A Candid Conversation Around Fertility and Conception - Plus IVF, IUI and All That Comes With It

A Candid Conversation Around Fertility and Conception - Plus IVF, IUI and All That Comes With It

OB/GYN and fertility specialist Dr. Lucky Sekhon and Nanit parents, Ashley Spivey Quynh Dang get honest about the stigma of conception, plus secondary infertility and that magic conception window.

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Parenthood is an incredible journey, but it’s also really overwhelming. For new parents, especially, navigating the endless stream of conflicting advice, coupled with sleepless nights, and constant firsts - it often feels like every time we think we’ve got “it,” it totally changes.

That’s why Nanit is thrilled to bring you our Parent Like a Pro Summit, where Nanit’s experts and ambassadors come together for curated conversations about sleep, parenting, and more. Think of it like that expert best friend in your ear who’s got the answers to your most profound questions before you even know what to ask. 

Catch OB/GYN and fertility specialist Dr. Lucky Sekhon, Nanit Parent and goodfluencer Ashley Spivey, and Nanit's own Quynh Dang for an open discussion about fertility and trying to conceive. Topics include ovulation and cycles, common misconceptions about fertility, the IVF process, mental health + relationships, and more! Knowledge is power. 

Here are the key takeaways.

On Mental Health While Trying to Conceive

“Getting professional help early on is always helpful. It might feel like just another thing on top of all the other appointments, but I've never had a couple turn around and say they regret doing it.” - Dr. Lucky

On the “Magic Window” of Conception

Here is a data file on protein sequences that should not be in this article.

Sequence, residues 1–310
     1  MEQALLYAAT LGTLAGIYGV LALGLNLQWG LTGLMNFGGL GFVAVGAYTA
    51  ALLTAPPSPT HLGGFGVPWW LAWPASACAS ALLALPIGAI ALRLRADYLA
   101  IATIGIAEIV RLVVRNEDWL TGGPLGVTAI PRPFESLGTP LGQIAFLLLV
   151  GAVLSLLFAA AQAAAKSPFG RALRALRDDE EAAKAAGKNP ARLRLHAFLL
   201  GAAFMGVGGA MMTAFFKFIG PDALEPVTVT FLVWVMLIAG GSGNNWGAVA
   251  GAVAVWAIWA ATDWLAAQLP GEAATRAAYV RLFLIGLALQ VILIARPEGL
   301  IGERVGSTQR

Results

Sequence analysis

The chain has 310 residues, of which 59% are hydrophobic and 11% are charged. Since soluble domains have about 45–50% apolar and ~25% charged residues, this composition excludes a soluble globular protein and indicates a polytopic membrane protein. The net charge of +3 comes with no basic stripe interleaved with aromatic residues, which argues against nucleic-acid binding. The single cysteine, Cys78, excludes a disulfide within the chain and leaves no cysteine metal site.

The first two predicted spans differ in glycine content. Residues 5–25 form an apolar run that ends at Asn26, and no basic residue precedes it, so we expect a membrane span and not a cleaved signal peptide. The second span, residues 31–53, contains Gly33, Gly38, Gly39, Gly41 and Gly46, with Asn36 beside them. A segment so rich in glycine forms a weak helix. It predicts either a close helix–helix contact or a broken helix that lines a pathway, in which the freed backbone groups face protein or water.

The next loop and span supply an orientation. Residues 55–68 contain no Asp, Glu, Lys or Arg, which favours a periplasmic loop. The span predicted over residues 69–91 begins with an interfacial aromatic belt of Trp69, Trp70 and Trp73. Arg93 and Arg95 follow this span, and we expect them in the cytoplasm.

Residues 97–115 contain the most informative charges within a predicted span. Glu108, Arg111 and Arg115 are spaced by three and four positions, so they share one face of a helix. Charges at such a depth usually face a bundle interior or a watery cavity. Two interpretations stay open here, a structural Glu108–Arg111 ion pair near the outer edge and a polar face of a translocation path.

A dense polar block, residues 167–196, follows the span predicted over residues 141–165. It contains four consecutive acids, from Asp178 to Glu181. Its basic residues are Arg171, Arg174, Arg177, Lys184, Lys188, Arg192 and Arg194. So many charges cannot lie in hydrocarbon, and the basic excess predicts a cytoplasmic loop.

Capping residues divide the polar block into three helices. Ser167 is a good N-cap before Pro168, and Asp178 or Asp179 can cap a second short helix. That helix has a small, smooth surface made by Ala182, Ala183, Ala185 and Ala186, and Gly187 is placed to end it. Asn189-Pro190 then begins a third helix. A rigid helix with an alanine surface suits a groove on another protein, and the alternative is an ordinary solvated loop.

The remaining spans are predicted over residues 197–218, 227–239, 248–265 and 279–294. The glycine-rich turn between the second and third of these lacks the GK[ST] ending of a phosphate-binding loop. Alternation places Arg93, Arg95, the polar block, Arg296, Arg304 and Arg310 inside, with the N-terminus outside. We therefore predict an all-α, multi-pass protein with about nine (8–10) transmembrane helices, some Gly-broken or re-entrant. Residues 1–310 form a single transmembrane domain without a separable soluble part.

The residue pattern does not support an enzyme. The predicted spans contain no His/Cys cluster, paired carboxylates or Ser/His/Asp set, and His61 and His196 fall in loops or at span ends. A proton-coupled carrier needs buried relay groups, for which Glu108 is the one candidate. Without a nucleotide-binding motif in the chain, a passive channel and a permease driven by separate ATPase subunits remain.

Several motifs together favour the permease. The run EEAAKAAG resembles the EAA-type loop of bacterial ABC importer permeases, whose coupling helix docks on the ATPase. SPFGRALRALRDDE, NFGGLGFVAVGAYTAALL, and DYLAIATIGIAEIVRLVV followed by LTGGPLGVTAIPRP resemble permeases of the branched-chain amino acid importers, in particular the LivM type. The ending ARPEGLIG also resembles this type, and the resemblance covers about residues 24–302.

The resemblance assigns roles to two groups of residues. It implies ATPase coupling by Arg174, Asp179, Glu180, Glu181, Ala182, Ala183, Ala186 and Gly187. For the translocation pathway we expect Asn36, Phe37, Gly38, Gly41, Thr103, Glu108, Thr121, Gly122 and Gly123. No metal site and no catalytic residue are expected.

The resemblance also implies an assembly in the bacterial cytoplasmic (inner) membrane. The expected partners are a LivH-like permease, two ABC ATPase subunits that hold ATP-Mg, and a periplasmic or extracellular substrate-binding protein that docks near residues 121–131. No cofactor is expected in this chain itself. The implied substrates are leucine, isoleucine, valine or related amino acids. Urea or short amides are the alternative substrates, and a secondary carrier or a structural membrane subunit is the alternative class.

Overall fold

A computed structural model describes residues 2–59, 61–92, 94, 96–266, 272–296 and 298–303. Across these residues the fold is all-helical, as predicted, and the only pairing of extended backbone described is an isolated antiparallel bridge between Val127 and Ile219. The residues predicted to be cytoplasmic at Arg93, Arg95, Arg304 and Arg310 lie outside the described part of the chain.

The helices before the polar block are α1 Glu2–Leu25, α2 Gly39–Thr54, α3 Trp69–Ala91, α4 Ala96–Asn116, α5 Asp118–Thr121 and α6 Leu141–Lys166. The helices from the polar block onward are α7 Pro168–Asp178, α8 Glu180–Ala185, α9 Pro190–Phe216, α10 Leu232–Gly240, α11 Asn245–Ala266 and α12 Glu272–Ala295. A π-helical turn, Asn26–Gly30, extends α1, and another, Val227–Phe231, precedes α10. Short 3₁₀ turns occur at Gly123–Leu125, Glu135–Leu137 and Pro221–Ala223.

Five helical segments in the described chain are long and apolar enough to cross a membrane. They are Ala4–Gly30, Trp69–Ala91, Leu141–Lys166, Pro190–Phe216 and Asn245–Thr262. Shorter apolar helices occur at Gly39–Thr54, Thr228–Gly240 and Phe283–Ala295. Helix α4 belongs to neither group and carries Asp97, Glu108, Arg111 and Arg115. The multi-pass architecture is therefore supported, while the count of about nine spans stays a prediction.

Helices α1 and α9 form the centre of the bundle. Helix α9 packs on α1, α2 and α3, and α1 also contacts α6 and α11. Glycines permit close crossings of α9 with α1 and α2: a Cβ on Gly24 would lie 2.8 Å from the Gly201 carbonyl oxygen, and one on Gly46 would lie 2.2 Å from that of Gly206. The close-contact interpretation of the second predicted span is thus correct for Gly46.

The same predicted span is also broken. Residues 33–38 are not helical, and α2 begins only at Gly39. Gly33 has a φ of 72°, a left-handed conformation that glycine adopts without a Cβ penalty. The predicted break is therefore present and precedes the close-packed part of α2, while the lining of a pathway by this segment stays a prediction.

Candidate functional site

“There's a lot that has to line up perfectly, and the window of opportunity lasts only for 2-3 days. A lot of people don't know about that, but it's shocking! Getting pregnant is highly inefficient. Fertility is a time sensitive thing. Even when we try to force it, it doesn't always work. It can just take a lot of ovulations for that one lucky egg.”  - Dr. Lucky

On Ashley Spivey’s Pregnancy Journey

“I got pregnant quickly after I removed my IUD, but then I had a miscarriage, then a failed IUI, then Covid-19. I got pregnant unassisted but then he passed away. Dr. Lucky reached out and said that when I’m ready, we'll talk about what my next steps can be. Starting IVF around that time was a way to feel like I was doing something, while also giving myself time to rest and recover physically and mentally.” - Ashley 

On IVF’s Effects on Mental and Physical Health

“IVF is a mental health issue and every pregnancy has a bit or a lot of PTSD. It’s very different for different people, but the vast majority of patients would do it again. It's a very low risk short lived procedure.” -   Dr. Lucky

On the Logistics Around IVF 

“In some ways, it was preparing me for parenthood because of the scheduling and the need to be on top of everything. It really marked a shift in how I was prioritizing things. In some ways, it was already the beginning of my new life.”- Quynh 

On Secondary Infertility

“It’s a really common and lonely problem. People don't provide as much support for secondary infertility. It's very painful to not feel as embraced by the TTC/fertility community because"at least you have what you have." - Dr. Lucky

On Deciding Between IUI and IVF

There are who major fertility treatment buckets, each with different pros and cons and subdivisions: 

  1. IUI (Intrauterine Insemination): Medication to help you ovulate more regularly or ovulate a few extra eggs, plus insemination (wash, concentrate, inject sperm at the top of the uterus so it has less distance to travel). Go into it mentally prepared that this may be tried for 2,3,4 rounds, and it increases your chances a few percentage points, but it has diminishing returns after six attempts. It’s more laid back, lower tech, but can weigh on people mentally because it's the same thing over and over.